February 24, 2016
Understand Your HbA1c
The HbA1C test is known as the A1C test by most people. The A1C test measures the blood glucose level for the last four months. The prior month accounts for 50 percent of the A1C. The month prior to the last month accounts for 25 percent of the A1C, and the third and fourth prior months contribute the remaining 25 percent of the A1C value.
Doctors use the A1C value as a measure of how well you are managing your diabetes or not managing your diabetes. This is the reason we as patients need to use our meters to measure our daily blood glucose readings.
If you did not have diabetes, your typical A1C level would be about 5 percent. For people with diabetes, the experts can't agree on what the A1C target level should be. The American Diabetes Association (ADA) recommends an A1C target of less than or equal to 7 percent. The American Association of Clinical Endocrinologists (AACE) recommends a target of less than or equal to 6.5 percent.
Hemoglobin A, a protein found inside red blood cells, carries oxygen throughout the body. When there is glucose in the bloodstream, it can actually stick (glycate) to the hemoglobin A protein. More glucose in the blood means that more glucose sticks to hemoglobin, and a higher percent of hemoglobin proteins become glycated.
Once glucose sticks to a hemoglobin protein, it typically remains for the lifespan of the hemoglobin A protein — as long as 120 days. The A1C test measures how much glucose is actually stuck to hemoglobin A, or more specifically, what percent of hemoglobin proteins are glycated. Thus, having a 7% A1C means that 7% of the hemoglobin proteins are glycated.
This is where disagreement often comes into play. For people with well-managed type 2 diabetes, visits to the doctor may only be required twice a year. However, for those that have poorly managed diabetes or are on insulin (not that these people have poorly managed type 2 diabetes) probably will see their doctor at least four time per year. Always be prepared to see the doctor on a different schedule.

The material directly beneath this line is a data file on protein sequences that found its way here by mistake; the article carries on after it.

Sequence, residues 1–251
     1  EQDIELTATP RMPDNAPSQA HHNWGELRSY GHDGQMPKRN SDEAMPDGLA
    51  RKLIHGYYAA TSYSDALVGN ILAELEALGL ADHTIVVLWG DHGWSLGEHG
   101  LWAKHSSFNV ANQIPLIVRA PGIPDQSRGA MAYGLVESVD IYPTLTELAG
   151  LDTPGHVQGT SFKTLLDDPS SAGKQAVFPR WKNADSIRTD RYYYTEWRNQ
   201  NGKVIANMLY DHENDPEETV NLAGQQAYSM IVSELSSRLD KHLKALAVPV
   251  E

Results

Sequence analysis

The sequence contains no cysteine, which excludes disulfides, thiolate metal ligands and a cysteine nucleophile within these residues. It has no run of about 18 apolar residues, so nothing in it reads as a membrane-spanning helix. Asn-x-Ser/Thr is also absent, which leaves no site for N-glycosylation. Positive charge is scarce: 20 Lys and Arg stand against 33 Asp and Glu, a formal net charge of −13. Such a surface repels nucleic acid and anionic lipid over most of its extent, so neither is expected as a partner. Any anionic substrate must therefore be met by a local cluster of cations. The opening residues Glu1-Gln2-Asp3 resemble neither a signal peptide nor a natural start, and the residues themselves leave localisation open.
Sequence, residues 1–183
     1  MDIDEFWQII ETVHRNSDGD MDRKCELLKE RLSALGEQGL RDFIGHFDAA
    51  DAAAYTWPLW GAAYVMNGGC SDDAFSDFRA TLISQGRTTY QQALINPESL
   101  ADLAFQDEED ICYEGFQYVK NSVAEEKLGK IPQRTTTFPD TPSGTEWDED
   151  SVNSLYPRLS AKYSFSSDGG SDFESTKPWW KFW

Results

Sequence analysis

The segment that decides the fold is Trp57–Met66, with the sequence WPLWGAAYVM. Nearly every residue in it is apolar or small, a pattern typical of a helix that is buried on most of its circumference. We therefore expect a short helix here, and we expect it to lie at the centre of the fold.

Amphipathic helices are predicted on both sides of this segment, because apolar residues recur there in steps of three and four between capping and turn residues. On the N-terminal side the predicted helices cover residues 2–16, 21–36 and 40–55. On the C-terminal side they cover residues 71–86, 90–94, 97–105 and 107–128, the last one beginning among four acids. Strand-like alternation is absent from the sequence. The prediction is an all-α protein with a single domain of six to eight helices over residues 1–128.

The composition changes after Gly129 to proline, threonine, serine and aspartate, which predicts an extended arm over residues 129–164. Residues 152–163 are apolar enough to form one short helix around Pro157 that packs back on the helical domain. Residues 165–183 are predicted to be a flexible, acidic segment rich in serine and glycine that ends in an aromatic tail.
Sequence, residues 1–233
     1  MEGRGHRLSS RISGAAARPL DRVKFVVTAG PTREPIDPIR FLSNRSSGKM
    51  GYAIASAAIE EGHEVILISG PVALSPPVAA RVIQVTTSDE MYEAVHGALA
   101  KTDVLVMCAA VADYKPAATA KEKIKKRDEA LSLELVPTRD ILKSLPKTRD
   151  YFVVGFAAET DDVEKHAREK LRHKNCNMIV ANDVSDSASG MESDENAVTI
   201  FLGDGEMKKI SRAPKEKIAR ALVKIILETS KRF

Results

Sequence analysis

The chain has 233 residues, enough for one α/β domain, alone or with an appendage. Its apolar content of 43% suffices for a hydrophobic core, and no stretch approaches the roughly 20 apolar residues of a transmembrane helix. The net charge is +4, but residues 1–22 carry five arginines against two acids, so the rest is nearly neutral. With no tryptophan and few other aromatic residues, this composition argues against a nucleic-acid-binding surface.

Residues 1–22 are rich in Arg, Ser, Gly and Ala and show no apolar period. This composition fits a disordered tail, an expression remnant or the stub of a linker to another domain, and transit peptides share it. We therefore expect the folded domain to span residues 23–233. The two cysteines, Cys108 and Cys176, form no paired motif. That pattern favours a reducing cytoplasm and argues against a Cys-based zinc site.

The A1C test, typically performed by a health care professional, often doesn’t hurt. Only a single drop of blood is needed, and the sample is either analyzed on-site or is sent to a laboratory for testing. Some doctors prefer doing the A1C test from a blood draw.
While the A1C is a good measure of overall glucose control, it cannot replace self-monitoring of blood glucose (SMBG). Like other tests, A1C results may vary from lab to lab. The A1C test is not calibrated the same everywhere, though an international effort is underway to standardize the A1C test to a new International Federation of Clinical Chemistry and Laboratory Medicine standard.
A1C results can be misleading when red blood cell survival is prolonged or reduced; some health conditions can result in falsely high A1c results (as in cases of anemia) or falsely low (as in cases of hemolysis). There are other factors that can affect the A1C results.
One piece of good news: When someone has his or her A1C checked, that person does not need to worry about fasting; food eaten on the same day won’t affect the score.